User meetings are a great forum to build relationships, gather information and ensure procurement remains relevant to the business. Ideally, they are scheduled monthly to identify and forecast changing needs (and to pre-empt/match that to changes in the marketplace) and to also identify any performance issues both within Procurement and the end user. Discussion usually covers challenging and controlling any discretionary usage, implementing spend controls to ensure compliance and coaching end-users on limiting discretionary usage.

Beyond this, procurement must also transparently communicate category performance to their stakeholders – ensuring that performance of both parties is clearly visible to the other and remedial actions can be agreed and implemented.


Managing suppliers effectively

Many companies do not implement consistent supplier reviews, and even if they do, they are rarely effective in identifying and achieving performance uplifts. Rigorous supplier management leads to improved performance by systematically investigating performance variances and agreeing and tracking remedial actions.

Supplier reviews can be held quarterly, and while performance tracking will likely be the focus in these reviews, regular working sessions with both parties can help to identify opportunities to jointly improve their way of working that would generate mutually shared benefits. These joint sessions and relationship-building elements should also be embedded within the contract so that it is a properly defined agreement and not just lip-service[1]. This ensures that both organisations are focused on driving value and that the relationship is structured for the long term.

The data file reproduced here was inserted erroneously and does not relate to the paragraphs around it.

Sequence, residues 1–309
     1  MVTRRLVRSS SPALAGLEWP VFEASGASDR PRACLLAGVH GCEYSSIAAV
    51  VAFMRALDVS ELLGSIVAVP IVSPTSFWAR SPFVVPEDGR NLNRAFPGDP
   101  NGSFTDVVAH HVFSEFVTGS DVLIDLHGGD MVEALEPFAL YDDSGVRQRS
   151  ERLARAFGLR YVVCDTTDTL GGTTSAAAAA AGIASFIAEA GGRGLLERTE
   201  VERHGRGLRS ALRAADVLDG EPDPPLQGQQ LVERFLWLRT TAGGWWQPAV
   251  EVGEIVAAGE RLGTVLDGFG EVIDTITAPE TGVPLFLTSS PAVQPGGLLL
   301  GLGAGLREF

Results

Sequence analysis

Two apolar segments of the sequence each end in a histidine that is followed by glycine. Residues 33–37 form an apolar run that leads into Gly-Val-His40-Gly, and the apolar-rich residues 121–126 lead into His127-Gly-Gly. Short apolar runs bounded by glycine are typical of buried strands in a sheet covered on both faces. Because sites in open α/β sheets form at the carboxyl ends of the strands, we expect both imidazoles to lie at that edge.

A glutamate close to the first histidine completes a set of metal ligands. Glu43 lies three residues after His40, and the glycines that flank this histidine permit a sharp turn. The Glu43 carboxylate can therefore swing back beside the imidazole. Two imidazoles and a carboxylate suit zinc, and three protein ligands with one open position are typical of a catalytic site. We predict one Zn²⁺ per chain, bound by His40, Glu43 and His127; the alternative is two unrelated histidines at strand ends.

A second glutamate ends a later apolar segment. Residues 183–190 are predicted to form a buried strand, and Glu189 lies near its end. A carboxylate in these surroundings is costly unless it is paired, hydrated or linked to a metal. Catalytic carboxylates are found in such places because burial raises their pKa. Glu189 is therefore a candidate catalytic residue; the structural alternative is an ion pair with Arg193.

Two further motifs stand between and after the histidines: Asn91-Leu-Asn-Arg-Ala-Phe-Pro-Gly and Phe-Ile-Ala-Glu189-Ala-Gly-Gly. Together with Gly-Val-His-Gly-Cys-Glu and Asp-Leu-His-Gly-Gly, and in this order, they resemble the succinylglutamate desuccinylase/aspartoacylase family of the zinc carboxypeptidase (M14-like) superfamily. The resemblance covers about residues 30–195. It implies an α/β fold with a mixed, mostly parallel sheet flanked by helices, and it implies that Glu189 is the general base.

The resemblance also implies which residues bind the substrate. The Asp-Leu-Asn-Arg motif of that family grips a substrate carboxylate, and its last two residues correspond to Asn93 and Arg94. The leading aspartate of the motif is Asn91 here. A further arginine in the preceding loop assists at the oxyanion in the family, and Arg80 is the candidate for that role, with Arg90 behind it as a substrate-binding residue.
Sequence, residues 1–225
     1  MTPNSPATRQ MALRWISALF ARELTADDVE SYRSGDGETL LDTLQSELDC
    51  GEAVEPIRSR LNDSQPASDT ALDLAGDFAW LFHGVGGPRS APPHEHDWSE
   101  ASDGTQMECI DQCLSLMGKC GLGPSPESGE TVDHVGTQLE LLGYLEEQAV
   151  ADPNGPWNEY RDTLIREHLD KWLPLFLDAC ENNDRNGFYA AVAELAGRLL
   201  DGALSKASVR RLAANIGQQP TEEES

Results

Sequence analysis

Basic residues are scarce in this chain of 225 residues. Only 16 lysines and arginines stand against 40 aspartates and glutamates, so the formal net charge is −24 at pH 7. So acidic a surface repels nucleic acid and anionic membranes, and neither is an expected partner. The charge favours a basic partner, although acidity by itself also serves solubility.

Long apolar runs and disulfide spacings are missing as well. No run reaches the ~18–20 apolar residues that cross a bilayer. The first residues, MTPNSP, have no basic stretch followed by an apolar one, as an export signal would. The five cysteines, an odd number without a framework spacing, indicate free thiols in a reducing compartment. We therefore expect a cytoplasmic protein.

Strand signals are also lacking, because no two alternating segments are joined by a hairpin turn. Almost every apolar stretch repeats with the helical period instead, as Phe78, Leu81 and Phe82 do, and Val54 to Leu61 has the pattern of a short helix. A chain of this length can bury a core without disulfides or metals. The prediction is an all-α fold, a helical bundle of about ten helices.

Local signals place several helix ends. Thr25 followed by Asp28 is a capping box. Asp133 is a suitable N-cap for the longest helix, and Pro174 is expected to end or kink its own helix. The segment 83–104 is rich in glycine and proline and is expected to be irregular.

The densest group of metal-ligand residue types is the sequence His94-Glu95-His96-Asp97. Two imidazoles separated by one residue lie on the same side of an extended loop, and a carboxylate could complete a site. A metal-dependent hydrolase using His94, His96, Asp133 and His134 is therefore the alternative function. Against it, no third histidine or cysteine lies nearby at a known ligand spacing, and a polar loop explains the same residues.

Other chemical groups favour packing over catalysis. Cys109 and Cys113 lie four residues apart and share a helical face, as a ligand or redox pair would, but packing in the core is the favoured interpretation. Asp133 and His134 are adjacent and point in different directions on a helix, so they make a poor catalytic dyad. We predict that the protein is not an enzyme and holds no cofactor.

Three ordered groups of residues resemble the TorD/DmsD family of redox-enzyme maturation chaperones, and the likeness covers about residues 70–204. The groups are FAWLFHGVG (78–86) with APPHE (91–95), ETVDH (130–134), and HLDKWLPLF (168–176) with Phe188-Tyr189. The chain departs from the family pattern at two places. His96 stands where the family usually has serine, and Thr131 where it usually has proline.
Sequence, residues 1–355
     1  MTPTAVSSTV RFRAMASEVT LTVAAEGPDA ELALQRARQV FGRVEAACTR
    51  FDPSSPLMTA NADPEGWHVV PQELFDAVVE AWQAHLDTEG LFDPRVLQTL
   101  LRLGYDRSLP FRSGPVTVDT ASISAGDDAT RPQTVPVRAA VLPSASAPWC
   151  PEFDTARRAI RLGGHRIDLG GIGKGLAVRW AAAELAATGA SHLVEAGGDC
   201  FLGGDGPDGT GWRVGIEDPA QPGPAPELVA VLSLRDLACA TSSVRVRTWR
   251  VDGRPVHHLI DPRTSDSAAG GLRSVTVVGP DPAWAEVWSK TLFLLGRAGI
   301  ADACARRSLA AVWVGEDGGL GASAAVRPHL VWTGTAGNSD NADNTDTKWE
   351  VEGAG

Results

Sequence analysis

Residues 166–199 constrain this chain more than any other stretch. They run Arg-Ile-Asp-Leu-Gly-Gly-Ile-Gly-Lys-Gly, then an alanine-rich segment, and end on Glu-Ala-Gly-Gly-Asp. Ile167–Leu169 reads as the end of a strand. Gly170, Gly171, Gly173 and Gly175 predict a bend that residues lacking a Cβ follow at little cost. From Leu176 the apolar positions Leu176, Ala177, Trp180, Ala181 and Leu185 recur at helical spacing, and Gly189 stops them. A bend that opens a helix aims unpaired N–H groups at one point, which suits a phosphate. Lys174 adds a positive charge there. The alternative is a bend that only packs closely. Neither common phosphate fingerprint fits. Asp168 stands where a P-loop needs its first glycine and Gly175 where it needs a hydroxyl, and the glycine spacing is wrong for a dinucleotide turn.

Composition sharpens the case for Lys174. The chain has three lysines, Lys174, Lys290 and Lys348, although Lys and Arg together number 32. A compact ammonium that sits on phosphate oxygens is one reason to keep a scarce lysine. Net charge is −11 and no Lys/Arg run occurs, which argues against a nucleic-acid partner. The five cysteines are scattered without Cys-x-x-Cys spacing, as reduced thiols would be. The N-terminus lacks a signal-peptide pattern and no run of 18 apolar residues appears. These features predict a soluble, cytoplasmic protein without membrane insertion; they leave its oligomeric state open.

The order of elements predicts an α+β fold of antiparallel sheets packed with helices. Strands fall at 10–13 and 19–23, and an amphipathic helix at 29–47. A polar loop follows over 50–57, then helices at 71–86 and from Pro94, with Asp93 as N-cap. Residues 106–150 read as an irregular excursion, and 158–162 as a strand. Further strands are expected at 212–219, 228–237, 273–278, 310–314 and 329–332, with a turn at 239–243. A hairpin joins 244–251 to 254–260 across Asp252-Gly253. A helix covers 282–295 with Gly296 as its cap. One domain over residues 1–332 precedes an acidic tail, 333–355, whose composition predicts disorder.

Without establishing sustaining disciplines across the Procurement team, its stakeholders and its suppliers, savings and results generated from any improvement initiative will be difficult to track and will gradually fade away – this diminishes credibility of the procurement organisation both within the organisation and in the external marketplace. The reviews must be implemented on a disciplined basis, so they focus on the right outcomes and actions, and are executed to a regular schedule and cadence.

In our next blog in this series, we will outline the final steps to driving effective procurement – driving continuous improvement and visible leadership of the procurement function.

Read about how we have helped clients improve the effectiveness of their Procurement function here.


[1] Read about developing Relational Contracts here:


Click through to read other blogs in this series:

Part I - Establishing the strategy and supporting disciplines

Part II - Optimising the organisation structure to support accountability 

Part III - Instilling disciplines and management systems to capture benefits and drive sustainable change

Part IV - Driving continuous improvement to deliver sustainable change

Part V - Demonstrating visible leadership to deliver sustainable change 


Tom Sonnen

Tom Sonnen leads the global Procurement Practice and the Singapore business at Partners in Performance, having successfully led major operations improvement and business transformation efforts for global companies in a large variety of industries.